Now don't get me wrong, I understand why the publishers do this.  If you can lend books freely, in the end, there is no need for anyone to ever buy one.

Just to make things crystal clear, you can go download Dune Messiah for free right now by Googling "Dune Messiah torrent mobi" (mobi is the open version of Amazon's AZW format) and you will find the whole Dune series here:

Just install the standard bittorrent client and  you're good to go.

So the next time you decide to pay full price for an e-book, just remember, you are not buying anything.  It is not the same as a real book, which you can bend, mutilate, spindle, or LEND to a friend.

(And you're also contributing to the downfall of the human race!)

Sunday, September 9, 2012

Do you own the art you make? No.

This BBC article got me to thinking again about the nature of art.  Short version: Philip Roth got bent out of shape because Wikipedia didn't consider him sufficiently authoritative to edit his own Wikipedia page.

Like many things, this sounds uncontroversial until you actually think about it.

First off, Wikpedia is not Facebook.  It's an encyclopedia.  If every public figure got to edit their own encyclopedia page, it would then be Facebook.

Wikipedia is about things and people, which includes what other people may think or know about them.  This can also include things they might not wish to be publicly known, or that they definitely would not discuss on their own Facebook page.

For example, the Wikipedia page on Bill Clinton  talks about Monica Lewinsky.  Bill probably would prefer it not be there, and would not go out of his way to mention or on his Facebook page.

Even in this case, the very fine writer Roth disagrees about the inspiration of one of his better known stories.  Again, one would think he would be the ultimate authority on the subject.  And indeed, in his own mind he surely is, and in fact in this case I'm inclined to believe him.

But it doesn't matter.

What if he's lying?  After all, fiction writers are professional liars!

We don't know.  We can't know.  And it just doesn't matter.

When you create a piece of art and send it out into the public space,  it simply doesn't belong entirely to you any more.  It's a part of the culture, which you have contributed to, but it is forever beyond your control.

You cannot control what people think about the art you made.  You are the authority on nothing--you simply have your own opinion on the piece.  The thing itself is now separate from you, and you don't own it any more than you have some sort of proprietary right to the words you just spoke to the grocery store clerk or the song you just sang.  Your chance to own those things is now in the past, irretrievable.

This is what I consider to be a fundamental truth, and I defy anyone to disprove it.  And this is also exactly why draconian copyright controls are not only sinful, but stupid.  You can't put the genie back in the bottle, because there is no bottle any longer to put it into.

Saturday, September 8, 2012


So I posted on Slashdot the other day opining for a free and open source software repository for Android.  And to my surprise, a nice person replied telling me there already is one, called F-droid.  So I am super happy about that.

For non-Linux users, the idea of a software repository was introduced with the ideas of app stores for phones.  For us Linux Desktop users, we have for a long time had thousands of free, open source applications available at our fingertips, without even opening a web browser.  You just open up your "package manager" and type in some search terms, and click on checkboxes to install software on your computer.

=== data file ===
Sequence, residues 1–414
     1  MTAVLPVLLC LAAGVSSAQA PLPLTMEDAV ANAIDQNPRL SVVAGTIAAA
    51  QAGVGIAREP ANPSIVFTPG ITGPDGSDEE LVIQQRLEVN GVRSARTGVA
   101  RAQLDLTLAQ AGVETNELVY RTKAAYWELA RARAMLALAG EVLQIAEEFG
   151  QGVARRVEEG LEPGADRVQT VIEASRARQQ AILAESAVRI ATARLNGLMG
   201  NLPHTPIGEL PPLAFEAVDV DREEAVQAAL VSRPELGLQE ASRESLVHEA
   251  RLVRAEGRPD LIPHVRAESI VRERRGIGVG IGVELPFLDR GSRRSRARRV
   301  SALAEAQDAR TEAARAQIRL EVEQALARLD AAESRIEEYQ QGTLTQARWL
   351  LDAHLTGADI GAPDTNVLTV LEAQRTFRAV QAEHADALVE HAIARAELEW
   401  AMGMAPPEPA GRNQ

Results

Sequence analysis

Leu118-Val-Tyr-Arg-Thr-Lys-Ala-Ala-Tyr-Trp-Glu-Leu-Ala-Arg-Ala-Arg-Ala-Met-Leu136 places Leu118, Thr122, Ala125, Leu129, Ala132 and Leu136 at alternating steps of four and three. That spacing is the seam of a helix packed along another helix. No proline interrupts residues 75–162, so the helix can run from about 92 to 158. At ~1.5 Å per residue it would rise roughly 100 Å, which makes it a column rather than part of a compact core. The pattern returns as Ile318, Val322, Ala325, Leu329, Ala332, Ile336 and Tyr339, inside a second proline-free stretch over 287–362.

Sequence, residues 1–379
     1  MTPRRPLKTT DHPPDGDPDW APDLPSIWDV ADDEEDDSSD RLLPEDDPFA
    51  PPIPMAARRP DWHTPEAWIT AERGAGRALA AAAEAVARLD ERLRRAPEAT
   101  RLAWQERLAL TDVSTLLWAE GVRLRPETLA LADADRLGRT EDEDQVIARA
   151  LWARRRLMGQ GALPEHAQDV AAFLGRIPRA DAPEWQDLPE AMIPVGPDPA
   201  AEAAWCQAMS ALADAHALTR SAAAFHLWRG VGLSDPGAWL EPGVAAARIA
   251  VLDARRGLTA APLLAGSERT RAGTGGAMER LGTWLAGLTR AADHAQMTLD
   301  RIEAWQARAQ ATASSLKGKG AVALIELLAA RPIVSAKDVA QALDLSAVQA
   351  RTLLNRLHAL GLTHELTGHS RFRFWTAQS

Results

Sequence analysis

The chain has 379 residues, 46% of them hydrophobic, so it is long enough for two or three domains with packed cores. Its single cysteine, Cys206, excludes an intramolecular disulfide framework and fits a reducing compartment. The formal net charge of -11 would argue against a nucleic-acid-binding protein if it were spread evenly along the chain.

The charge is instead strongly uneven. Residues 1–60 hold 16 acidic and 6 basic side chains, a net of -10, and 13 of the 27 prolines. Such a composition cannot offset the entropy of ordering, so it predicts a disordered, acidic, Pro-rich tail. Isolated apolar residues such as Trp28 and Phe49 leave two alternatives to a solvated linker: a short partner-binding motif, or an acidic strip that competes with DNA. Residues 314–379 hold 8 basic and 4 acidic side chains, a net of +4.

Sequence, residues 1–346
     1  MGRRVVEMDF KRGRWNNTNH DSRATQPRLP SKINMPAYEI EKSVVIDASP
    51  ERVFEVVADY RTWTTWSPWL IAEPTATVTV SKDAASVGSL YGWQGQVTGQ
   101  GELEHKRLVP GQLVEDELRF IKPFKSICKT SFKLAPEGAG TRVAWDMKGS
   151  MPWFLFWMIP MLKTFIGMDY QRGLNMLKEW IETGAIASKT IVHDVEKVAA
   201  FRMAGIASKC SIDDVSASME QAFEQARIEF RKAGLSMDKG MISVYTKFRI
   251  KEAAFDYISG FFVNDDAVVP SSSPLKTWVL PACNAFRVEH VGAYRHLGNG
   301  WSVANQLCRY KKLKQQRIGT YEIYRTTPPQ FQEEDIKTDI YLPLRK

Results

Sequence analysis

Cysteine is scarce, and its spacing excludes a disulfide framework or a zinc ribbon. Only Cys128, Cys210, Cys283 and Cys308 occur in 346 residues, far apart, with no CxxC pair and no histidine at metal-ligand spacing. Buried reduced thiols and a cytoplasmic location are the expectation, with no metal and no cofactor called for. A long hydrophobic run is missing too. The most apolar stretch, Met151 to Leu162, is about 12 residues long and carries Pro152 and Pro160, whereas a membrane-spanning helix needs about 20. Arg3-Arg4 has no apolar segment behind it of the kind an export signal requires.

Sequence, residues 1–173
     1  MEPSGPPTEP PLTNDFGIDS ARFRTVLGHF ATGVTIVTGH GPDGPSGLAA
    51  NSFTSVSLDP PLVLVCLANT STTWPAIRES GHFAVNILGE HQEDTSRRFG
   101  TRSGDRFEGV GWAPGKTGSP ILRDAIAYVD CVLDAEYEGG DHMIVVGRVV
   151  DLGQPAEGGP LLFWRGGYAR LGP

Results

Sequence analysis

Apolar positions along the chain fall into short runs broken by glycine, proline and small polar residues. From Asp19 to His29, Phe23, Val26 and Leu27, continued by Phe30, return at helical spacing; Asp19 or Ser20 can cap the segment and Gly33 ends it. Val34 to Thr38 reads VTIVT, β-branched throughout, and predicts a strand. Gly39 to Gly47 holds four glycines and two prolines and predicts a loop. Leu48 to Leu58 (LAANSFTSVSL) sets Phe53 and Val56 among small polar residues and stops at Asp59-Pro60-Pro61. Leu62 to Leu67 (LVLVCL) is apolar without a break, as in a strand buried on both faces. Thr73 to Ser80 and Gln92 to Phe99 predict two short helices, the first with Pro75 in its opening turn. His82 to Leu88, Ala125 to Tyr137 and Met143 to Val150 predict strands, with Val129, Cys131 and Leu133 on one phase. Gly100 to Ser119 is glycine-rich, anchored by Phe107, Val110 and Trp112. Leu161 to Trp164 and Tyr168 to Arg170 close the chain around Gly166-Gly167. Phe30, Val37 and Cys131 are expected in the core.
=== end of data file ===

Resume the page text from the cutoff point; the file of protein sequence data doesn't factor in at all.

Even better, all the software is free and open source, so you can know if it is up to no good on your computer.  Even better, the software is generally vetted by the OS maintainers to some extent for an extra layer of assurance.

So I'm used to it.

On Windows or Mac, I usually have to install scads of third party closed source applications to make the computer usable for all my purposes (and indeed I do many different types of things on my computers, which makes me a little unusual, but still).  So not only is it a lot of work, but I have tons of totally untrusted software packages installed on my information machine, and I don't really know what they are up to.

Not only that, but the system administration tools are poorer, especially on Windows, so I can't even tell as easily after the fact if the application is malware.

This is relevant to this blog because this is fundamentally about humans having control over their information.  It is really critical to the long term success and happiness of our people.

So I'm very pleased about F-droid--it has lots of apps built for Android in it, the source for all of them is available, and it's easy to use.  I definitely recommend it.

Friday, September 7, 2012

Scaring over a million people

Apparently in France it is reasonable to threaten over a million people and tell them their internet use is unacceptable.

And it's coming to the good old U.S.A. soon if our Internet Service Providers really are completely stupid.

Comcast, are you listening?

I don't think we are as passive as the French.

From the article:

"Less than 10% of these account holders went on to receive a second warning and just 0.34% of those went on to the third strike phase. In what is being framed as a victory by Hadopi, just 0.0012% of those who received a first strike have been referred to the courts."